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Campaigns of the First World War

On Saturday, 1st August 1914, the London Irish paraded at Chelsea to go for their annual camp on Persham Down. They en-trained at Paddington but spent less than one day in camp as orders for general mobilisation were received the same night and the Battalion was ordered to return to Chelsea. On mobilisation, every man received five pounds in gold. The only absentees were one one officer, who was in Canada and one soldier, who was visiting India. This rapid mobilisation reflected great credit on the Commanding Officer and his officers.

Many recruits joined at this period and their selection and engagement stretched the capabilities of all the officers and NCOs. When all was ready, the London Irish set out to march to St Albans, where they were billeted. This took two days, with a night stop in bivouacs at Edgware and was a trying experience in the hot sun with the newly acquired transport and vehicles.

Rigorous training began and continued in mud, rain, snow and east winds until the Battalion received orders to go overseas in March 1915.

In September 1914, a reserve battalion of the London Irish, 30 officers and 990 other ranks, were raised in four days under the command of Lt Col Walter J Mathews. This became the 2nd Battalion and in November 1914, provided a large draft for the 1st Battalion in order to replace a number of older soldiers and others not physically equal to the tasks ahead. At St Albans, the circus like cavalcade of tradesman’s vans and municipal water carts were replaced by army limbers, field cookers and ammunition wagons.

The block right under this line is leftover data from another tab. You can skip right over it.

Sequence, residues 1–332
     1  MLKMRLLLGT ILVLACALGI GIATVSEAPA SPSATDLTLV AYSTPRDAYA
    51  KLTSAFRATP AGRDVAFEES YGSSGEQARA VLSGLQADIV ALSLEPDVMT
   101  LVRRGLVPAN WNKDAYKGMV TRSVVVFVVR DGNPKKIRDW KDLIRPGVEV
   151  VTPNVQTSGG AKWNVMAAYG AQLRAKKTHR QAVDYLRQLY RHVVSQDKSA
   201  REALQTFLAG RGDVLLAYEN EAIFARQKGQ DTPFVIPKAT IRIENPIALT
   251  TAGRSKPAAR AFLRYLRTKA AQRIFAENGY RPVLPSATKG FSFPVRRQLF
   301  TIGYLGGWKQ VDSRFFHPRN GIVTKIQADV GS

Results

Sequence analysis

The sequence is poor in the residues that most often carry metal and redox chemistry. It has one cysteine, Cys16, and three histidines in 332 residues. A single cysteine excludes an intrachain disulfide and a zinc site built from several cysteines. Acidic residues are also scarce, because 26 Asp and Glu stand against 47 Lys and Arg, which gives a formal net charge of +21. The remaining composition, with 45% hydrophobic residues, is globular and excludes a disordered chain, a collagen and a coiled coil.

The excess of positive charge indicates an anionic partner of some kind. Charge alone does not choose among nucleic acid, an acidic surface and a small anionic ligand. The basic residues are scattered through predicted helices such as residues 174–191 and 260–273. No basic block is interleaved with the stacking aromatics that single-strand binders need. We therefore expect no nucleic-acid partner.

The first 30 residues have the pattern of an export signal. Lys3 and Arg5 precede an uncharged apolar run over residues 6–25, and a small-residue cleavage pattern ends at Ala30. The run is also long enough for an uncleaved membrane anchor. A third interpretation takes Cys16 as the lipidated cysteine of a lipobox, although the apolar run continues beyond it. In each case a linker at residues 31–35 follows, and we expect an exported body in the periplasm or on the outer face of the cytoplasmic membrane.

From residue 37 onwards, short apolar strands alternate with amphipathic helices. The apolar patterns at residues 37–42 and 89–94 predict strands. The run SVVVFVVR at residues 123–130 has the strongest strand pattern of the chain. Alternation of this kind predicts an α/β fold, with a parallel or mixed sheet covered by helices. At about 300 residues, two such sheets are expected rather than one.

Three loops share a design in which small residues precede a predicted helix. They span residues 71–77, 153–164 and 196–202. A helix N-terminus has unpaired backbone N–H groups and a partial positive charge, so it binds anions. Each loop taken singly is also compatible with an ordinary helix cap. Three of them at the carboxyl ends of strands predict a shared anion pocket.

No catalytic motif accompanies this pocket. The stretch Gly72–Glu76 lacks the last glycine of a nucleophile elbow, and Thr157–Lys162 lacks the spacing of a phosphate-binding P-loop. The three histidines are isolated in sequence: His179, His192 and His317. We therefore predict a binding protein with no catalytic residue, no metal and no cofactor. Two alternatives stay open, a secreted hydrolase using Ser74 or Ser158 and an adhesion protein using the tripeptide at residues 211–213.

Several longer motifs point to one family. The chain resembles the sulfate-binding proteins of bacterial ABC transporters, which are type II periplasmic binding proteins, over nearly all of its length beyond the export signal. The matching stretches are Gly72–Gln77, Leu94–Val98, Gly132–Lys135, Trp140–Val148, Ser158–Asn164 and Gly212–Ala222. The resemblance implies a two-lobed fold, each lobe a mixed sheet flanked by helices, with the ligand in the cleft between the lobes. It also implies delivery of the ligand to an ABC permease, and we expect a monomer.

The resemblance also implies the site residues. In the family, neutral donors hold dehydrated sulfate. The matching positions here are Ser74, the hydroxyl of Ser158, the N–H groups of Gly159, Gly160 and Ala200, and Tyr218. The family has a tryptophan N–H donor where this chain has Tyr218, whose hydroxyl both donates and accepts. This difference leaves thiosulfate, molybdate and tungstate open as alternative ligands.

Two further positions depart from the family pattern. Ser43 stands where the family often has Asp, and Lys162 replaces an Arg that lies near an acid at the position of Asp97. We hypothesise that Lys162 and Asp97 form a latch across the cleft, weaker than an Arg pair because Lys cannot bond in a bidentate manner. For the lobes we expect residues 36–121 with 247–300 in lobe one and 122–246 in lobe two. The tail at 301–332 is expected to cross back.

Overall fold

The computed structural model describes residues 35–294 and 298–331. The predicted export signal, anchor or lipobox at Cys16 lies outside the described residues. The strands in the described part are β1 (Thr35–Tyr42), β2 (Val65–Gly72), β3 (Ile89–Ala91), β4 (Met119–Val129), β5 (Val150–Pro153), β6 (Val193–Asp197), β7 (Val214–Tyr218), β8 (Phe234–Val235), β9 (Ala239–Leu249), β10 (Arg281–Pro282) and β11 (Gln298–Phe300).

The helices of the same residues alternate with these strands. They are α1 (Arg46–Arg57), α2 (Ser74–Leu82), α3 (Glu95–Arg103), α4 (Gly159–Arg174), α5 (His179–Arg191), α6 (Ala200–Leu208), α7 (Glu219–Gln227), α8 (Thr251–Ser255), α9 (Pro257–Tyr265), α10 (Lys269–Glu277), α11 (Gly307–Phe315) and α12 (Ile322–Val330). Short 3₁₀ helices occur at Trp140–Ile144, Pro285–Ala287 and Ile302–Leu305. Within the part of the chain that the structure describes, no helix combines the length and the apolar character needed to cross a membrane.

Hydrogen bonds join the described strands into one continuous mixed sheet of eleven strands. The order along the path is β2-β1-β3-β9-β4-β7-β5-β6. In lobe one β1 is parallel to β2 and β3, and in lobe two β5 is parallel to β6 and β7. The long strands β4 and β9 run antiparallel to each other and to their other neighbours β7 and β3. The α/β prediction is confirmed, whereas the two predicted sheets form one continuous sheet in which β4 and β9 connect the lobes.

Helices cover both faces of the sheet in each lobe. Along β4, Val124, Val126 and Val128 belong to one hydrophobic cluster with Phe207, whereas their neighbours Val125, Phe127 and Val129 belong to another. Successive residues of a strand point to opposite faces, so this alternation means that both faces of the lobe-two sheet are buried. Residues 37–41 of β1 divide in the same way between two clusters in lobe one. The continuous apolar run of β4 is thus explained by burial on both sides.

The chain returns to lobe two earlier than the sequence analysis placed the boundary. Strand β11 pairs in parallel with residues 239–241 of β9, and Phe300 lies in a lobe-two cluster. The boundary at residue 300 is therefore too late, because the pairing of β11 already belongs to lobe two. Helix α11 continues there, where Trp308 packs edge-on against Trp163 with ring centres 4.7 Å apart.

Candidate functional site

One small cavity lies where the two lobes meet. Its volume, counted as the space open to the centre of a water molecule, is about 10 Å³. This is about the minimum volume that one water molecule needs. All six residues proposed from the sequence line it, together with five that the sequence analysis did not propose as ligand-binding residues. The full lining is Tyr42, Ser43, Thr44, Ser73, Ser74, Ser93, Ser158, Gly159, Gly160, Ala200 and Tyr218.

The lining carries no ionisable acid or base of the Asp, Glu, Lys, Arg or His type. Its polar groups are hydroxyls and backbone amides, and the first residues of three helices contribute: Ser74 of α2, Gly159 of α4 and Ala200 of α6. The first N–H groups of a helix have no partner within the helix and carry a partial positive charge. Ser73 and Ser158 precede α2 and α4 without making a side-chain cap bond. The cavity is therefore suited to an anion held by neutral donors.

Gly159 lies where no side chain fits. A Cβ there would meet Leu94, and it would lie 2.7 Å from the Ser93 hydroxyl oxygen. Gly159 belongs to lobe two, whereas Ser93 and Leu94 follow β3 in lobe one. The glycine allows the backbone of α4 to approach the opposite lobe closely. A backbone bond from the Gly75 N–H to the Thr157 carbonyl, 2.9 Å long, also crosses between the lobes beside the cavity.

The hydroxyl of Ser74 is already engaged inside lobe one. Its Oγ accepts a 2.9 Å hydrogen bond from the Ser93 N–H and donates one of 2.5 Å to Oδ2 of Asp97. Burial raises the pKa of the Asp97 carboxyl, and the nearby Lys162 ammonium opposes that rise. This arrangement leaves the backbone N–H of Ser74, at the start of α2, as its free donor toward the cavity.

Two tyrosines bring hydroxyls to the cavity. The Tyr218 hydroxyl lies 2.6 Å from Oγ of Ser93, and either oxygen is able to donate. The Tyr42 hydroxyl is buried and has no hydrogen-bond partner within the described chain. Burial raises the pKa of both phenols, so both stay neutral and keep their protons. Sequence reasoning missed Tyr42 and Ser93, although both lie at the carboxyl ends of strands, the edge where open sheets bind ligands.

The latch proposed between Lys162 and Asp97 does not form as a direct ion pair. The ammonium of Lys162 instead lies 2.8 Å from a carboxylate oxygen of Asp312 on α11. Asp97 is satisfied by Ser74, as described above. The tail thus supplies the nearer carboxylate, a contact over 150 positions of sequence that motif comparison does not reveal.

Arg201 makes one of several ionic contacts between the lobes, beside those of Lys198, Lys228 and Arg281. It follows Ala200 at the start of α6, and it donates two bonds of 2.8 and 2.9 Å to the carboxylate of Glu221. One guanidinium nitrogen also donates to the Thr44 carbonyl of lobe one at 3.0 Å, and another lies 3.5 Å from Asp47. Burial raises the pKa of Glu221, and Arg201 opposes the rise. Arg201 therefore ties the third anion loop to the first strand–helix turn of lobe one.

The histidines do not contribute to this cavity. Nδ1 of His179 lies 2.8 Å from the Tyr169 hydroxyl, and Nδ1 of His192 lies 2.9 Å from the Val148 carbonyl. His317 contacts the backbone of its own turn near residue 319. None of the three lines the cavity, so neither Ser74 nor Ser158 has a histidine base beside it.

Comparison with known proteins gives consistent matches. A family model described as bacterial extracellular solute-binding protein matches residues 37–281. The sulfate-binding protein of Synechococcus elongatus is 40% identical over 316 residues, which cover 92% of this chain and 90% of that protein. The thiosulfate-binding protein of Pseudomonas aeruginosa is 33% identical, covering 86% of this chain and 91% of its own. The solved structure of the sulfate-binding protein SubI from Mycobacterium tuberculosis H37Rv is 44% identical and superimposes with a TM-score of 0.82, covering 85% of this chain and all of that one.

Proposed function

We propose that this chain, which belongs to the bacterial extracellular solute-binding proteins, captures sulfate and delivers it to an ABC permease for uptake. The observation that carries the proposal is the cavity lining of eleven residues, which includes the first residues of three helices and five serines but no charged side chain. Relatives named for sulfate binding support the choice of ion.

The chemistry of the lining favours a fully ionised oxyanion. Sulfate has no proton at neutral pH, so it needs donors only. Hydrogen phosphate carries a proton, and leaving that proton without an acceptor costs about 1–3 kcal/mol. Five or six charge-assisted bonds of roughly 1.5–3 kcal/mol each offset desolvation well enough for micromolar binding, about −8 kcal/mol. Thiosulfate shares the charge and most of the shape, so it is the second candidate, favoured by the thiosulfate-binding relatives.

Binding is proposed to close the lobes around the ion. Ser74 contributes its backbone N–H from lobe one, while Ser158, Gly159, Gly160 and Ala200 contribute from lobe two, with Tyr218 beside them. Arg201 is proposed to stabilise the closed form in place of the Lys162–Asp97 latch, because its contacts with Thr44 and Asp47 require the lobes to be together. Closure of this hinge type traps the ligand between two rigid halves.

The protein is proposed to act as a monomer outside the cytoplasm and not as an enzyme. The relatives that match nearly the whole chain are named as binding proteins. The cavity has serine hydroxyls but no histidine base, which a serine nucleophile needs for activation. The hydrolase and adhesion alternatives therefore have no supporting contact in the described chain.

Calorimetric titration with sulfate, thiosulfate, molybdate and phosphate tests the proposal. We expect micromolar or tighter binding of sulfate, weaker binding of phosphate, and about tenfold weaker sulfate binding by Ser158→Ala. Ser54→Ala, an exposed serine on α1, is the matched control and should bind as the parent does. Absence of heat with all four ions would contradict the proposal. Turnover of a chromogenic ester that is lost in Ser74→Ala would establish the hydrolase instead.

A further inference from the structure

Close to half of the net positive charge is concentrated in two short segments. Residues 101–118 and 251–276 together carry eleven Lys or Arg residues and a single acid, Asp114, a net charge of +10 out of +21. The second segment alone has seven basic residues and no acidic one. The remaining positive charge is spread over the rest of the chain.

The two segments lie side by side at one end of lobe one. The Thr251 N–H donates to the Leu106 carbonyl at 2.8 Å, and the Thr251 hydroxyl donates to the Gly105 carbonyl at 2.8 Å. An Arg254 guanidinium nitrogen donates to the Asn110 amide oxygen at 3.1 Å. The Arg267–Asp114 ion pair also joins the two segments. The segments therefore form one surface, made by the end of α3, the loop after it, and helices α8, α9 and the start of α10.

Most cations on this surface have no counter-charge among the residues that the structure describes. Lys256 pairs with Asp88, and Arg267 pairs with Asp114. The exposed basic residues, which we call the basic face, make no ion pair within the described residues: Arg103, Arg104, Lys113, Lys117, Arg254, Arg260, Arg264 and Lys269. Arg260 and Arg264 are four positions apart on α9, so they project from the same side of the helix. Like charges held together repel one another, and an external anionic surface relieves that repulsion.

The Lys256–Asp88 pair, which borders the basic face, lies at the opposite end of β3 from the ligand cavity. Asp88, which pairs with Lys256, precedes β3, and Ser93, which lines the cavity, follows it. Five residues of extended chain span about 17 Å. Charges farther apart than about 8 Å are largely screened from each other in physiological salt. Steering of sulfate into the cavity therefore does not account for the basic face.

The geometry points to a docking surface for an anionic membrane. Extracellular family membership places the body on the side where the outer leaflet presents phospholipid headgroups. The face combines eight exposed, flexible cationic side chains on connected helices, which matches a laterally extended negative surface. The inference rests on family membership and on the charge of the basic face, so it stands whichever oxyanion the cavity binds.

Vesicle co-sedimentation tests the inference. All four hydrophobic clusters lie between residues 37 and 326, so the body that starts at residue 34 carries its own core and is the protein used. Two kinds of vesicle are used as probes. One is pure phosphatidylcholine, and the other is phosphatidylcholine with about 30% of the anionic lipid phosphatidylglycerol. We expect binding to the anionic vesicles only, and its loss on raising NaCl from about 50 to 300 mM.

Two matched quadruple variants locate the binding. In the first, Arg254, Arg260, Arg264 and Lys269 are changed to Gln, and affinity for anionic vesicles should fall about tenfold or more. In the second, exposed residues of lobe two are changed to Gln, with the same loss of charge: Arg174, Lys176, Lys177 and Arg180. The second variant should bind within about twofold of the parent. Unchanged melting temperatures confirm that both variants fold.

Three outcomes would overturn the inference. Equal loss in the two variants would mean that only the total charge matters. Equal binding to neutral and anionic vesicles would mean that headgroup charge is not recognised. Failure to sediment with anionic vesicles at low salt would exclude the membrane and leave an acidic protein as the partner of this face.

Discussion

On March 9th 1915, the 1st Battalion, London Irish Rifles, left St Albans by train for Southampton Docks. The strength of the Battalion comprised 29 officers and 1,048 other ranks, who were accommodated in three transports. On disembarkation, the London Irish marched five miles to a tented camp. The Battalion entrained for Cassel on the 11th March and marched to billets at Winnezeele. St Patrick’s Day was celebrated in the proper manner but orders were received the next day to move by motor bus, followed by a march through the snow to Berbure.

Follow the links below to read personal narratives of some of the men, who were serving with the London Irish Rifles during the First World War.

Memories of Sydney Stadler.

Patrick MacGill remembers arriving in France.

Diary and Letters of Corporal Sydney Speed.

  • Diary entries from March to October 1915.

  • Letters home written from March to August 1915.

  • Letters home written during September/October 1915.

  • Last two letters home written on 20th and 23rd October 1915.

The ‘Wartime History’ of 1/18th Battalion, London Regiment.

  • Festubert, May 1915.

  • Loos, September 1915.

  • Hohenzollern Redoubt, December 1915.

  • German assaults on Vimy Ridge, May 1916.

  • The Battle of High Wood, September 1916.

  • Raid on Hill 60, April 1917.

  • Bourlon Wood, November 1917.

  • Defensive actions at the Somme, March 1918.

  • Happy Valley, August 1918.

An account of 2/18th London Regiment’s wartime history.

Official History of 47th (London) Division in France.

War Diaries

Movements of the 1st Battalion from March to September 1915.